Strangers here?

During the last several months, there have been lots of visitors celebrating Eucharist with us. They come from points north where winter has been unrelenting and particularly harsh this year. They are easy to spot. While we have all donned our sweaters and jackets, they are in shorts, polos, and flip-flops. Many of them introduce themselves to me after Mass and comment on what a beautiful church and how welcoming we are as a parish. They tell me of the great experience of parishioners greeting them, chatting with them, and making them feel welcomed. One couple remarked “There are just no strangers in your parish!” As pastor, it affirms that we are what we profess in a tangible way. We live in a way that impacts the visitors among us. Thank you! Continue reading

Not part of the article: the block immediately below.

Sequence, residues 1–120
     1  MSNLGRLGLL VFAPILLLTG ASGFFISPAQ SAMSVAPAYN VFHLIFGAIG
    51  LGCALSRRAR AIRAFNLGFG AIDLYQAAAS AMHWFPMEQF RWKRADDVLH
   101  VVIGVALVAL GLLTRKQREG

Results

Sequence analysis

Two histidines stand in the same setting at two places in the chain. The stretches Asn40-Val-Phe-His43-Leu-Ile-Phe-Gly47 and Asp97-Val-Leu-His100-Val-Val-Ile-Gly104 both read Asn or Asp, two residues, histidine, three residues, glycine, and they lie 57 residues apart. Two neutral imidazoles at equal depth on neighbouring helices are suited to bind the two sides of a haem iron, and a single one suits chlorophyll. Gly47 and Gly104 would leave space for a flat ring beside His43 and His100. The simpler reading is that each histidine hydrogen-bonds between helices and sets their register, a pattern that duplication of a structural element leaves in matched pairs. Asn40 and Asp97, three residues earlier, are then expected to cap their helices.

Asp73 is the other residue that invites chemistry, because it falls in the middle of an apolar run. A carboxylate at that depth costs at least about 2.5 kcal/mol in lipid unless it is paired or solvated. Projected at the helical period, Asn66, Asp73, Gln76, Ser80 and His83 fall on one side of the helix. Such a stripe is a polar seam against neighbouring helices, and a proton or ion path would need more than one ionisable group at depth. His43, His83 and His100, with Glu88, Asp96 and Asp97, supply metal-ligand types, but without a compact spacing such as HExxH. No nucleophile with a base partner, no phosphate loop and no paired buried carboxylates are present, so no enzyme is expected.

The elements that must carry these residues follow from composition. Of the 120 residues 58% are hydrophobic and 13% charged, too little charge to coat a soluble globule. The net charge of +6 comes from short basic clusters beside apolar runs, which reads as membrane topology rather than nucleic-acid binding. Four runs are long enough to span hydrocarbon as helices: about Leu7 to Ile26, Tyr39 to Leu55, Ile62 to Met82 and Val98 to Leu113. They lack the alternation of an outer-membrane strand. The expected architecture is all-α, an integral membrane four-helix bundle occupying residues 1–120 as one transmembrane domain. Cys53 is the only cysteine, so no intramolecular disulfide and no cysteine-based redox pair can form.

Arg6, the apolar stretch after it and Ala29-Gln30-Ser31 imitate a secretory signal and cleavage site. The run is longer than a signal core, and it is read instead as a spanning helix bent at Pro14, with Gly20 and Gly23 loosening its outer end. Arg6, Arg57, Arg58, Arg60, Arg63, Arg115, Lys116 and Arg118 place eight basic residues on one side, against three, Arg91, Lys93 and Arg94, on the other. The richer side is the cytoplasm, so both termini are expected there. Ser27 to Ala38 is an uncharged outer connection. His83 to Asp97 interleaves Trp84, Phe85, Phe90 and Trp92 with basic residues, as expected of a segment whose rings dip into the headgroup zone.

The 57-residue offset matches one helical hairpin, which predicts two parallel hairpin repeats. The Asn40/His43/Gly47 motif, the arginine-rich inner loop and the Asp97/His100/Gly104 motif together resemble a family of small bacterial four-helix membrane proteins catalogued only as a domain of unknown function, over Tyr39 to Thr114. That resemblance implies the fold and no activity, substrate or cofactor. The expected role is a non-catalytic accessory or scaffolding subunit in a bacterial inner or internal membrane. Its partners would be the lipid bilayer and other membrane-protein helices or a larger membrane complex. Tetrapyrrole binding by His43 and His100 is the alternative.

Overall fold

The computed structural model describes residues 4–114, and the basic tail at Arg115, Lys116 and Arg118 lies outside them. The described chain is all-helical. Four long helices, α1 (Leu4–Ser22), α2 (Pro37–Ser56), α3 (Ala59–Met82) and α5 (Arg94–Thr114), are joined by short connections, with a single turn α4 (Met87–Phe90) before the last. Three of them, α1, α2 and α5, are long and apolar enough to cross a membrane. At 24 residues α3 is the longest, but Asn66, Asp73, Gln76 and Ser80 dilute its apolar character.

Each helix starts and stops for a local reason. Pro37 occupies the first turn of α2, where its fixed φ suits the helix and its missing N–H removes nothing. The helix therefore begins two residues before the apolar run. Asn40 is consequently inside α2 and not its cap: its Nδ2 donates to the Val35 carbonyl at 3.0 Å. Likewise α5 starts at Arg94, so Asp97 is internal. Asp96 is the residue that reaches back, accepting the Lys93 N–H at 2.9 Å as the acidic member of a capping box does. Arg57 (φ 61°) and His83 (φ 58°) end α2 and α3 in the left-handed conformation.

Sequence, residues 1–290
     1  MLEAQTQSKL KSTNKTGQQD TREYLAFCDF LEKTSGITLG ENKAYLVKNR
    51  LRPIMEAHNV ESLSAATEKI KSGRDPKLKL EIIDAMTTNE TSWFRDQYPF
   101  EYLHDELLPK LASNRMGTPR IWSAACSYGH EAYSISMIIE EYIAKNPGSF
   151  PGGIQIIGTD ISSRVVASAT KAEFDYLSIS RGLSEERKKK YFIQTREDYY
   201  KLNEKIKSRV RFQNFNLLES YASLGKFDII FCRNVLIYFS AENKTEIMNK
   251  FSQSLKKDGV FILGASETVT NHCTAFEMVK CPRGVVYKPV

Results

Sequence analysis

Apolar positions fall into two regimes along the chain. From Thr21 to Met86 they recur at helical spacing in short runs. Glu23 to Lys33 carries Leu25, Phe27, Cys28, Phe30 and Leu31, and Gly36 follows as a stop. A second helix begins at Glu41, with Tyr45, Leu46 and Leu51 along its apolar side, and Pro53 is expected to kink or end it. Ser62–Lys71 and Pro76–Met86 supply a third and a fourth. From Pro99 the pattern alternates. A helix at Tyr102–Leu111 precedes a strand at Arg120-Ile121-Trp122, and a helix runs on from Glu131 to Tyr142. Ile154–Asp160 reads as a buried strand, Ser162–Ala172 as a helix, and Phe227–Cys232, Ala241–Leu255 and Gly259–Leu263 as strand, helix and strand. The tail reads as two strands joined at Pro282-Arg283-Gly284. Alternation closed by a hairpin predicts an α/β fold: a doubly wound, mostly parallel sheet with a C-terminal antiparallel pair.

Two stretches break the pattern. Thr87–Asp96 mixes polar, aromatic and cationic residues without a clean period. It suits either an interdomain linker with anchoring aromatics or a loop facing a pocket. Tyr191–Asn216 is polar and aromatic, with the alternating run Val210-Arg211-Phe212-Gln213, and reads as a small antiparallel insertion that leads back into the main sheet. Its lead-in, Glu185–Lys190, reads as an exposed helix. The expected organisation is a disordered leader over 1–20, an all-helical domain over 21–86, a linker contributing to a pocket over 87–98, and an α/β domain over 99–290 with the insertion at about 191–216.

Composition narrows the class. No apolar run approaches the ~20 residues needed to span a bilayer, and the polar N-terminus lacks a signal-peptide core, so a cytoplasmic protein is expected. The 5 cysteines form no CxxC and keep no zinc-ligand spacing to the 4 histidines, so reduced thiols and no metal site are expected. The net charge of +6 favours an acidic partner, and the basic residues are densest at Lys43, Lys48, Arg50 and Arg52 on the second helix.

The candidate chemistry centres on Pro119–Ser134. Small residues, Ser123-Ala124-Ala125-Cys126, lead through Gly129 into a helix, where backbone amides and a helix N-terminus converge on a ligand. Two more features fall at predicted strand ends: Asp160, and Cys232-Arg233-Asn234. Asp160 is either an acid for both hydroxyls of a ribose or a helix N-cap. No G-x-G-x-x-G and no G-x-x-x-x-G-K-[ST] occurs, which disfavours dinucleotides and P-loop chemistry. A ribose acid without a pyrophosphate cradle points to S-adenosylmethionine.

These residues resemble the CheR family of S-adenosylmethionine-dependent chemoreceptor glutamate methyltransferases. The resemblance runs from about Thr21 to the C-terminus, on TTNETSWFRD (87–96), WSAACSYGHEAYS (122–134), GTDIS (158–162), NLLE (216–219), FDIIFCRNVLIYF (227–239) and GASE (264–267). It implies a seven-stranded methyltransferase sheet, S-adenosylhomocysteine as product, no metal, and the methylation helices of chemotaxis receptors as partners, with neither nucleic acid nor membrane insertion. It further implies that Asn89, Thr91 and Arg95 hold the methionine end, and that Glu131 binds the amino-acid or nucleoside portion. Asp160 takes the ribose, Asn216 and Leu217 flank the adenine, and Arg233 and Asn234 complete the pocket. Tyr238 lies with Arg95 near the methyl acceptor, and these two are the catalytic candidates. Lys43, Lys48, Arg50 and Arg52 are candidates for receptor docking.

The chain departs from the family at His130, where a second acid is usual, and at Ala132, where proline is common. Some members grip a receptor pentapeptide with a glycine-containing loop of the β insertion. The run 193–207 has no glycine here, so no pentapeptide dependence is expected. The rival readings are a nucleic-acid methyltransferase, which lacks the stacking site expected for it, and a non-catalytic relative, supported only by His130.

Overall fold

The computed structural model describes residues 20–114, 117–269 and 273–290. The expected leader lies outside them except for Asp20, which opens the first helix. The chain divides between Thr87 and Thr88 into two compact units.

Now is the time: a reflection

Giotto_Lower_Church_Assisi_Crucifixion_01Again, I find O’Day’s insights thoughtful and to the point, so again, I offer her words as a …. A Final Reflection  (Gail O’Day, 713-15)

John 12:20–36 is the most concentrated collection of sayings on the death of Jesus in the Gospel of John and, therefore, provides the interpreter with an appropriate place to reflect on the meaning of the death of Jesus in this Gospel. Theological inquiry about Jesus’ death and its soteriological [things relating to salvation] efficacy is most frequently identified as “atonement theology.” Before looking at the Johannine understanding of the death of Jesus, it will be helpful to review the theologies of atonement that have shaped and continue to shape the life of the church. Continue reading